In the creative writing workshop, peer assessment, marginalia and the discussion of student work are central tenets. Collegial but rigorous feedback is important to the growth of a writing practice.
When students are involved in peer-feedback, they have the opportunity to see what quality writing looks like and to define for themselves whether they’ve met the expectations set out in an assignment. A culture of revision and of learning together can increase proficiency for giving and receiving critical feedback and help students writers create more sophisticated work.
But the practice of critical peer assessment raises questions of efficacy, since feedback is usually provided to the writer after they’ve submitted a piece of creative work for workshop. Students sometimes express a sense of frustration and discouragement in receiving comments (Jonsson, 2013; Sommers, 1982). We know feedback on creative work to be useful, but is there more we can do to help students develop critical skills and apply them to their own work?
Students develop self-assessment skills through giving feedback to others (Bostock, 2000; Brown et al., 1994; Nicol and Macfarlane-Dick, 2006). By providing guidance through the feedback process and evaluating the quality of student feedback, an instructor can help student writers offer stronger formative feedback to their peers and more importantly, help students to better self-assess their own writing (Baker, 2016).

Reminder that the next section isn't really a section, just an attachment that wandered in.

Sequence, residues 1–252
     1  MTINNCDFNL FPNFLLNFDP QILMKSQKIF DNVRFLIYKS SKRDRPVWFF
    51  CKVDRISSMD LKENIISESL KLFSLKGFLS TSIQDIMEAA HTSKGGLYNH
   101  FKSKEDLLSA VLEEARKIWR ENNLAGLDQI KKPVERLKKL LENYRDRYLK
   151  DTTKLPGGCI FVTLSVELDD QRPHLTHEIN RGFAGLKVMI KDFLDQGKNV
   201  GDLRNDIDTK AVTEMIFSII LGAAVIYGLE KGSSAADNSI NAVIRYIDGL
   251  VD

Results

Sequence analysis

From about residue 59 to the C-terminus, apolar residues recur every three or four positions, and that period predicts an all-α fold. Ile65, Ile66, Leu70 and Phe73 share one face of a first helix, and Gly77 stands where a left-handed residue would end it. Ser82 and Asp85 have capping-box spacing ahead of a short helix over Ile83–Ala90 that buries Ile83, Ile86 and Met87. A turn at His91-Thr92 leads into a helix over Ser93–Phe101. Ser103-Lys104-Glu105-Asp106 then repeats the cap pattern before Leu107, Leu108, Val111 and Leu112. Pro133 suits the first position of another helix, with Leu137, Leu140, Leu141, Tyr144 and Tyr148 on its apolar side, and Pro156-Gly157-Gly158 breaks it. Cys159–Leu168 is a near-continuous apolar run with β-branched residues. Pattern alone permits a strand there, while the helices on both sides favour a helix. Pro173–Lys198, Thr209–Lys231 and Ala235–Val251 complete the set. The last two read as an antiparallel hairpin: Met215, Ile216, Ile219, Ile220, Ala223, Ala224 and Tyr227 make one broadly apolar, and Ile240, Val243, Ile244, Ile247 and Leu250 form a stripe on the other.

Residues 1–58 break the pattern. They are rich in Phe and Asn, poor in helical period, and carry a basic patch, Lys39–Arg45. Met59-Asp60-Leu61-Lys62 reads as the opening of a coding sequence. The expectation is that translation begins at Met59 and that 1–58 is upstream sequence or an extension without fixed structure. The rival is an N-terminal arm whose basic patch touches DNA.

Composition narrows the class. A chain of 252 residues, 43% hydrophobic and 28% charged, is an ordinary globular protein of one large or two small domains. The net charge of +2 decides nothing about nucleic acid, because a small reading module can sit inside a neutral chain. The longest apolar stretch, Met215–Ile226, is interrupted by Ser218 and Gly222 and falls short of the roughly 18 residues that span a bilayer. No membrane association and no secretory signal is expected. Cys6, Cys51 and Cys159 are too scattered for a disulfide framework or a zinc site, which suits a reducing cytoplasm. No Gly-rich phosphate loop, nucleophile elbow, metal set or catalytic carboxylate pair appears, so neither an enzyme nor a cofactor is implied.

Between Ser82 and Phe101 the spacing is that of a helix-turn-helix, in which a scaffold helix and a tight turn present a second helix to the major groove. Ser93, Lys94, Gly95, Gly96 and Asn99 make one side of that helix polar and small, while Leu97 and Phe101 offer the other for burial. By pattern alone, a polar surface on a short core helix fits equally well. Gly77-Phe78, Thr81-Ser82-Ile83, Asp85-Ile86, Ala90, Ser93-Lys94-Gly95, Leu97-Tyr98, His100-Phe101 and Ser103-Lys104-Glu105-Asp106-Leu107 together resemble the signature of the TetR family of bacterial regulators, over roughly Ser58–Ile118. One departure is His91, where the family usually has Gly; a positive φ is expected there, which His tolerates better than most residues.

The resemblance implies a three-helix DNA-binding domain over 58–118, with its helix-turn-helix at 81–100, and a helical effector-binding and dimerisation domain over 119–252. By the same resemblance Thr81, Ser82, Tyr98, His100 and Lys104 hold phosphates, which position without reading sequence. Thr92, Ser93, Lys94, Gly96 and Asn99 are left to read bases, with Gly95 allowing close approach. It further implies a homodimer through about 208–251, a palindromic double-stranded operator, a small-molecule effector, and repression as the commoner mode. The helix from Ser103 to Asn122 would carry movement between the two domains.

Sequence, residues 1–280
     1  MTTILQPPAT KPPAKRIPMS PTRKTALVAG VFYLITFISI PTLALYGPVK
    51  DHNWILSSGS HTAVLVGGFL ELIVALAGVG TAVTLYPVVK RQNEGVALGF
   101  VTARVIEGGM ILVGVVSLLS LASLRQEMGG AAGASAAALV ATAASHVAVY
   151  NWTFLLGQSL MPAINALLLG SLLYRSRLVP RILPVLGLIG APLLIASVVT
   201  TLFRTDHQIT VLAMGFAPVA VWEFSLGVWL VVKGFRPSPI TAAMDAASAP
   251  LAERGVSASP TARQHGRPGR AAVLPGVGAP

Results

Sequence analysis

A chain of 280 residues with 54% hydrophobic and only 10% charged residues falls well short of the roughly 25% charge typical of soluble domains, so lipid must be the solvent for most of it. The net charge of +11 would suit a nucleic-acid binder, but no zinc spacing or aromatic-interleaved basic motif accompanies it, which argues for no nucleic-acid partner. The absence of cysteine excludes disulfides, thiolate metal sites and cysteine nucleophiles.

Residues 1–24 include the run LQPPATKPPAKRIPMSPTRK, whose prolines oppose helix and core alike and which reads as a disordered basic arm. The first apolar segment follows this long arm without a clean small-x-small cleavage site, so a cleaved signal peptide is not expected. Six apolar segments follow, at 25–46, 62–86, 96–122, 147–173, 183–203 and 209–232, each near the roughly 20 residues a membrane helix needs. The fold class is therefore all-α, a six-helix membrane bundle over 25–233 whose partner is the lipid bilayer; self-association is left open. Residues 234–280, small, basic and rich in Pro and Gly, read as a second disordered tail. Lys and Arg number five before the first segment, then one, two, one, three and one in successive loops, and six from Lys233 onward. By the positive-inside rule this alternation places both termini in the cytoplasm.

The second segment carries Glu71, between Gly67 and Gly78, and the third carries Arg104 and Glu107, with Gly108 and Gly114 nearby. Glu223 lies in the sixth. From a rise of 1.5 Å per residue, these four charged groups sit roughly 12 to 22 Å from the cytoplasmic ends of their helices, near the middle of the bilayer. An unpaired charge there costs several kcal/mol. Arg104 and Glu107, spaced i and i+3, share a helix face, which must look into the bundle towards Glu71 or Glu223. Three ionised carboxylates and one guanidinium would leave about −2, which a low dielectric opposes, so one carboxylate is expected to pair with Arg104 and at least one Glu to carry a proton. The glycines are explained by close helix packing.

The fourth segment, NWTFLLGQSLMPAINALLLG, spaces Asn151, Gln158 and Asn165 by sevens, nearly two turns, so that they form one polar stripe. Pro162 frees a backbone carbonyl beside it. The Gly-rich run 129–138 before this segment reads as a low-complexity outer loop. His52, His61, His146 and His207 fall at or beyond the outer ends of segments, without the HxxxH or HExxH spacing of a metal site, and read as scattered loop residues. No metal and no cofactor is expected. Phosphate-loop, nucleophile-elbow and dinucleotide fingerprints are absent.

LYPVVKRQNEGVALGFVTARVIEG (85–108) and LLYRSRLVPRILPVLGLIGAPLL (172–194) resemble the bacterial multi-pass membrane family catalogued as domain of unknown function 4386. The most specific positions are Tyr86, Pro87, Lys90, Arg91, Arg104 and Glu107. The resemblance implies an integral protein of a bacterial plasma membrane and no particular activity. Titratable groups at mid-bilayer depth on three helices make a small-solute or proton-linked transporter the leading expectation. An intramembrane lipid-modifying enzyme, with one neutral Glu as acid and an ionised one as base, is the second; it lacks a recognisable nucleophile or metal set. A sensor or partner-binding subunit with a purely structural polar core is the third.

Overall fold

My pedagogy presentation will discuss how to engage and guide students in a peer- and self-review process, and how the process of can help them make more insightful changes to their own drafts. We’ll breakdown a scaffolded process for self-assessment to help students understand, interact with and articulate points of craft on a deeper level and recognize that their first submission is a draft that requires significant revision. And through the process of self-assessment, that a student writer learns to cultivate their own aesthetic, to trust their own instincts and eventually create work that connects with their vision for the project.
"What’s Wrong With It? Helping Students Assess Their Own Creative Work,"
Journal of Creative Writing Studies: Vol. 6:
1, Article 24.
Available at: https://repository.rit.edu/jcws/vol6/iss1/24